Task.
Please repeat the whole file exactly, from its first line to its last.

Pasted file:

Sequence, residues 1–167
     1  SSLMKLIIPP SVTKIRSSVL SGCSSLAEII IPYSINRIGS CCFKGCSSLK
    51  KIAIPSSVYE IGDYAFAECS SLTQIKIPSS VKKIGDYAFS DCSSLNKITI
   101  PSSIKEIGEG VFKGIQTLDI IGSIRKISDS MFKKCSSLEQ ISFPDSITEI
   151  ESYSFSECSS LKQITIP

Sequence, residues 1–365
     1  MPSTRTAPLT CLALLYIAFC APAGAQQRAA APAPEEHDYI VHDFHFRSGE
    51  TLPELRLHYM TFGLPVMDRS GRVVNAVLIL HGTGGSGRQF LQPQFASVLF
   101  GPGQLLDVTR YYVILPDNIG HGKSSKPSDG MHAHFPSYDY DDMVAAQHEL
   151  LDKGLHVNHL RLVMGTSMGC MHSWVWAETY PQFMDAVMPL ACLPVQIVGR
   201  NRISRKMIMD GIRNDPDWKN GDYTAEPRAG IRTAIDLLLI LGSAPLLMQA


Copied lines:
Sequence, residues 1–167
     1  SSLMKLIIPP SVTKIRSSVL SGCSSLAEII IPYSINRIGS CCFKGCSSLK
    51  KIAIPSSVYE IGDYAFAECS SLTQIKIPSS VKKIGDYAFS DCSSLNKITI
   101  PSSIKEIGEG VFKGIQTLDI IGSIRKISDS MFKKCSSLEQ ISFPDSITEI
   151  ESYSFSECSS LKQITIP

Sequence, residues 1–365
     1  MPSTRTAPLT CLALLYIAFC APAGAQQRAA APAPEEHDYI VHDFHFRSGE
    51  TLPELRLHYM TFGLPVMDRS GRVVNAVLIL HGTGGSGRQF LQPQFASVLF
   101  GPGQLLDVTR YYVILPDNIG HGKSSKPSDG MHAHFPSYDY DDMVAAQHEL
   151  LDKGLHVNHL RLVMGTSMGC MHSWVWAETY PQFMDAVMPL ACLPVQIVGR
   201  NRISRKMIMD GIRNDPDWKN GDYTAEPRAG IRTAIDLLLI LGSAPLLMQA